These sexually descriptive comments imply the stereotype of the black race as being very sexually active. These stereotypes include black men being virile and black people having a natural sense of rhythm. “Sugar Cane” is written in blank verse but has a very strong rhythm, “Slowly painfully sugar cane pushes his knotted joints upwards from the earth slowly painfully he comes to learn the truth about himself, the crimes committed in his name “. The stanzas are in columns to look like a field of sugar cane. There is some repetition near the end with “slowly painfully”. This is probably used to emphasize the suffering of the black people. In “Miss World” the poem has a regular rhyme scheme. In other places the poem does not rhyme at all so this poem has an inconsistent rhyme scheme.

There is an inconsistent stanza length throughout and there is one line that is long and sharp like a knife, which could be two short lines. “She could be out of sight but she would rather stay and fight”. This is a powerful line that stands out from the rest of the poem. There is some repetition on the last line, “by looking…just by looking…just by looking at her breast”.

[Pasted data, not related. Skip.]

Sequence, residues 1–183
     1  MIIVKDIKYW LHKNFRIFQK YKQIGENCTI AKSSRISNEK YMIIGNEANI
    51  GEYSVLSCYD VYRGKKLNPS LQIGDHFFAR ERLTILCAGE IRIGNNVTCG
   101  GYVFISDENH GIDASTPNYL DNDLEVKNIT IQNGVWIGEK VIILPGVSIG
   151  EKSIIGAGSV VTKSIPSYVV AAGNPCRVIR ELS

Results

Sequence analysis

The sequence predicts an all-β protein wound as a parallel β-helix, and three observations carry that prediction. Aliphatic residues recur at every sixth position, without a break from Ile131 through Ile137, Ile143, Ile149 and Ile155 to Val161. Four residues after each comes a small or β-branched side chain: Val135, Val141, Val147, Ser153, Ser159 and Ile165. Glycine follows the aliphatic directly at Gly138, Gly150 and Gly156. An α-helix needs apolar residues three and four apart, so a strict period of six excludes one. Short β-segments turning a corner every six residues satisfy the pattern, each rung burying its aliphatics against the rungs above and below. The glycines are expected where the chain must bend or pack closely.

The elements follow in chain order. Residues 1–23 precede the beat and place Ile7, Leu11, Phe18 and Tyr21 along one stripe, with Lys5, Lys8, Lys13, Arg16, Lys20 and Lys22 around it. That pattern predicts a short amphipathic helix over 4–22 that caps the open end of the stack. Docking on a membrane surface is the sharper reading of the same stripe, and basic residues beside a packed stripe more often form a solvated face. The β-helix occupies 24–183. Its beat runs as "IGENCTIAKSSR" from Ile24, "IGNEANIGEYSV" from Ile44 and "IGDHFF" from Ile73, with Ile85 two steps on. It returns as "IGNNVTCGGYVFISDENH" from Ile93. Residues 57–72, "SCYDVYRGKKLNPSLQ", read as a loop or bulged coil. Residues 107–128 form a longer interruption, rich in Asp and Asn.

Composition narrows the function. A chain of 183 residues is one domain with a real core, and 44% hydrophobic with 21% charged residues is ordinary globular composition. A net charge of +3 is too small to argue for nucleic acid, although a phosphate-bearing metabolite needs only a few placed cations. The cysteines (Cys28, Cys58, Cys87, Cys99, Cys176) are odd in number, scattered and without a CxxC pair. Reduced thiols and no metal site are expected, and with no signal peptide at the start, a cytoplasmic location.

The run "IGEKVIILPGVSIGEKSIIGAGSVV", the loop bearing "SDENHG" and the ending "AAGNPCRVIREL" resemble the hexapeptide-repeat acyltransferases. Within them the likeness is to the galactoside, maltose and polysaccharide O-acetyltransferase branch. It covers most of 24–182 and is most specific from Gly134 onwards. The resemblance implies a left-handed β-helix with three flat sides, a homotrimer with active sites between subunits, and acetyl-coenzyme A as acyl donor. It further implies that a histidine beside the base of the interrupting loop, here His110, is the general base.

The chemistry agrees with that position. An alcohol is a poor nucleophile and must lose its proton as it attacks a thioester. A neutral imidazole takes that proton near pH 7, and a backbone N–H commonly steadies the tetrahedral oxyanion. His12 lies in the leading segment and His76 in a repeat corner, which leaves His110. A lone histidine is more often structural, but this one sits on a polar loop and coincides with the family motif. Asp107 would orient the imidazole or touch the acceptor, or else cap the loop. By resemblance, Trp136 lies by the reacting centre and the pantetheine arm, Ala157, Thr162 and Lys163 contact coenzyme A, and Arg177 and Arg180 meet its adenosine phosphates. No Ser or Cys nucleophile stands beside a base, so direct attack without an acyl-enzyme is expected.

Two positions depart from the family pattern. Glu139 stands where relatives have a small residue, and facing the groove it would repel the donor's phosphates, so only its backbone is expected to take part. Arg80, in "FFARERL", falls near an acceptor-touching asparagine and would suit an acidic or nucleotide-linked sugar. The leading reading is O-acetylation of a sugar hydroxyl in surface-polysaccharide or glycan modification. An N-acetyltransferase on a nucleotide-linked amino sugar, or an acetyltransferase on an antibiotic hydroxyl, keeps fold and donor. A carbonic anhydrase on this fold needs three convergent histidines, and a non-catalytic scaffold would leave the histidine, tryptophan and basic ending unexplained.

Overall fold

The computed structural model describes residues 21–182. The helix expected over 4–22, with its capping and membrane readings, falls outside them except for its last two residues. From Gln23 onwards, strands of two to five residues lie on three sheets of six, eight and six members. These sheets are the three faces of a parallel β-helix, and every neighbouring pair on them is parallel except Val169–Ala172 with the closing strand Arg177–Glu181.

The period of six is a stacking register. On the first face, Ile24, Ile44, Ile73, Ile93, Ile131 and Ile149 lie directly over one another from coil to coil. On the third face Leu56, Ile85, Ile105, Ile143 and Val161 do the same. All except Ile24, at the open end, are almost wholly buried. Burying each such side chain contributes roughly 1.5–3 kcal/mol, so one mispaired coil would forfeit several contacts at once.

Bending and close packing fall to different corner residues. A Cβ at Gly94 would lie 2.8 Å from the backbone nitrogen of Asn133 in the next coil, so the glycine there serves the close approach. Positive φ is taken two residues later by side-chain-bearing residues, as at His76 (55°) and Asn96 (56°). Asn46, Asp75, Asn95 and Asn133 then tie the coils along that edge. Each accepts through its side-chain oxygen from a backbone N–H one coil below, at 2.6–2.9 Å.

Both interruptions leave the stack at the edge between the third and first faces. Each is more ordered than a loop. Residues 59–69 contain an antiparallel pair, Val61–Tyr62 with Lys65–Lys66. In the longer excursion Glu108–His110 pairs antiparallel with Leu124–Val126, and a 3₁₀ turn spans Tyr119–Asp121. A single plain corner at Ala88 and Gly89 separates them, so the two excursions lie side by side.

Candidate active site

This is here to make the reader remember that it is what is inside that counts overall, not the outside. In “Still I Rise” each stanza is four lines long with a rhyme scheme where the second and fourth lines rhyme. This is consistent until the last two stanzas, where there is a line then “I Rise” then another line that rhymes with it, then two lines that rhyme. In the last stanza, it repeats “I Rise” at the end. This is here so it is a beacon of hope. Conclusion All these poems show the fact that black people suffered at the hands of other human beings and still do, just because the colour of their skin. These poems also show the fact that you do not have to let them take control of you or have power over you. You just have to remember…

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Maya Angelou-"Still I rise", Benjamin Zephaniah- "Miss World" and Grace Nichols-"Sugar Cane". (2017, Sep 20). Retrieved from

Maya Angelou-"Still I rise", Benjamin Zephaniah- "Miss  World" and Grace Nichols-"Sugar Cane"